Which is the NFL’s most dangerous division? From top to bottom, how complete is each four-team group?
Now that the busiest period of free agency is finished, most teams’ starting rosters are taking shape for next season. Have any teams made key additions that will provide the necessary missing pieces to contend for a Super Bowl? Which teams lost talented players this offseason and, subsequently, scratched themselves off the list of potential champs in 2014?
The following rankings take a look at the relative strength of the NFL’s eight divisions, breaking down the quality of each team within a division and adding together their combined value.
How does the ranking system work?
An evaluation system that takes into account each team's 2013 performance and the impact of free-agency moves, as well as some personal opinion, is used to score the relative strength for every offensive, defensive and special teams unit.
Every team earns a score out of 25 points (100 points per division) that places them into one of four mixed martial arts-inspired categories: heavyweight (25-19 points), light heavyweight (18-16 points), middleweight (15-13 points) or lightweight (12-0 points).
Teams that rate as heavyweights qualify as legitimate Super Bowl contenders, in my opinion. Light heavyweights hold an outside shot at winning a title, while middleweights appropriately represent middle-of-the-road clubs. The lowly lightweights are the league’s bottom-of-the-barrel squads.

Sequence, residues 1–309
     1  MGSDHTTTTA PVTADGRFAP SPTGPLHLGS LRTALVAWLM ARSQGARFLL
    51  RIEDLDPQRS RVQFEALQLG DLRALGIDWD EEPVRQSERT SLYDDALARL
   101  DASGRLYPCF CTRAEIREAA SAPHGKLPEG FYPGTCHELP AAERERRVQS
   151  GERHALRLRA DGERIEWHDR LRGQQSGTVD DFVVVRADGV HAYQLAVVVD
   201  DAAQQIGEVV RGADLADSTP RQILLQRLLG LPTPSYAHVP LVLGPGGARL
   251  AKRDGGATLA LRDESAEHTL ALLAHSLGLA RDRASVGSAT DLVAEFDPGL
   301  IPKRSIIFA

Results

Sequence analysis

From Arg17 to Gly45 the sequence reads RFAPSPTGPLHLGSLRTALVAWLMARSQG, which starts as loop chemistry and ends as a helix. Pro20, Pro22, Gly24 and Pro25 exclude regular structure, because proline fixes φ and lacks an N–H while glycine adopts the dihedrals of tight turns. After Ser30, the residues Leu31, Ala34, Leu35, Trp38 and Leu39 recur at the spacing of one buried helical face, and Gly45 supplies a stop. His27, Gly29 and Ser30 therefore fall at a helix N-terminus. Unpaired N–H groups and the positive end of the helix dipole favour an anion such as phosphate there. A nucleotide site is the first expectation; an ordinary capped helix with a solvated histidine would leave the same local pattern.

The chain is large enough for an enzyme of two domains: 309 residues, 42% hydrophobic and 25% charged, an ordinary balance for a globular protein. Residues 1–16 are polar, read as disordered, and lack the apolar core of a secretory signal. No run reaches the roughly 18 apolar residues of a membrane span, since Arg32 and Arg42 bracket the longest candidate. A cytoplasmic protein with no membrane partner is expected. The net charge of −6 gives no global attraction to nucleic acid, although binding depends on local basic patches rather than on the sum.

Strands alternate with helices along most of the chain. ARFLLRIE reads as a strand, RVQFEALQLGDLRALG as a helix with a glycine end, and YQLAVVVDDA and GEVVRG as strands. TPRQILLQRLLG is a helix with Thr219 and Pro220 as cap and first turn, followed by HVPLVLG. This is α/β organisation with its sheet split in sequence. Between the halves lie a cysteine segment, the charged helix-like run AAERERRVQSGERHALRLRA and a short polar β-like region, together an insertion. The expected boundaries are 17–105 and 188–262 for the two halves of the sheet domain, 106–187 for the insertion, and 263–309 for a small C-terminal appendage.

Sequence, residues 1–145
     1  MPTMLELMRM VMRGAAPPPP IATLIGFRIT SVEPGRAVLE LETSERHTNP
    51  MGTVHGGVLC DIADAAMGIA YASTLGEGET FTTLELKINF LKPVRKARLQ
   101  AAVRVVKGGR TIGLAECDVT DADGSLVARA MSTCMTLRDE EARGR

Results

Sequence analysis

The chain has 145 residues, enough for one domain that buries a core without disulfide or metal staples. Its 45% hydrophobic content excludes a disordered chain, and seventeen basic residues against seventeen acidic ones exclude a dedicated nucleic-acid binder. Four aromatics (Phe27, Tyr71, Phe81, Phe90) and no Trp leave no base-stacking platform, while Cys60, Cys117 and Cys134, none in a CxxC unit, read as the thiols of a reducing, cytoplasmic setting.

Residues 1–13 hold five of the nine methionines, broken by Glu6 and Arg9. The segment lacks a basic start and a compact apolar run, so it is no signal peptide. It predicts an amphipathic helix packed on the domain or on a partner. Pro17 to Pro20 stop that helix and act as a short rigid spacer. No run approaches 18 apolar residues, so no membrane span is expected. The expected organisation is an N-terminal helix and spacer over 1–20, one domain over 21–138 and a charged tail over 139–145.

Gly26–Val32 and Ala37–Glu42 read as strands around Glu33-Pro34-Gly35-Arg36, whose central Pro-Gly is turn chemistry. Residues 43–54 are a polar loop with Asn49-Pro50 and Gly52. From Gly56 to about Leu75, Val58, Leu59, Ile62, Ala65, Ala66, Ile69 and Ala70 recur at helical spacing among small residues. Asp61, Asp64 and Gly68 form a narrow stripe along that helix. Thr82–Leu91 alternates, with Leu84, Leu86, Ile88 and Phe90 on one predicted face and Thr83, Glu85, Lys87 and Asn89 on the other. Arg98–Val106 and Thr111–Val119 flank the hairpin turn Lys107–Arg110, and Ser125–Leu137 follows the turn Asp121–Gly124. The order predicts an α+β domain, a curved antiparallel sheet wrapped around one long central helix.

The 25-point scoring system assigns relative value to every starting position and unit: quarterback, running backs, receivers, offensive line, front seven, secondary and special teams.
Strength of Team Scoring Rubric (maximum 25 points):
|Offense: 0/15||Defense/Special Teams: 0/10||TOTAL: 0/25|
|Quarterback: 0/7||Front Seven: 0/4|
|Running Backs: 0/3||Secondary: 0/4|
|Receivers: 0/3||Special Teams: 0/2|
|Offensive Line: 0/2|
The subjective importance placed on each position or group determines the maximum point total for each unit. For example, I believe that having a below-average quarterback is more detrimental to a team’s chances to contend than having a poor secondary, offensive line, etc. Therefore, there is a greater possible point total for each team’s quarterback than for any other unit.
Note that the system does not include a score for coaching—the offseason brings about too many new hires, which makes it too difficult to predict impact and makes standardized scoring tough in this area.
The combined scores for each division’s teams equal a total out of 100 points to determine the overall power ranking for every division.
So, without further ado, let’s get to the rankings!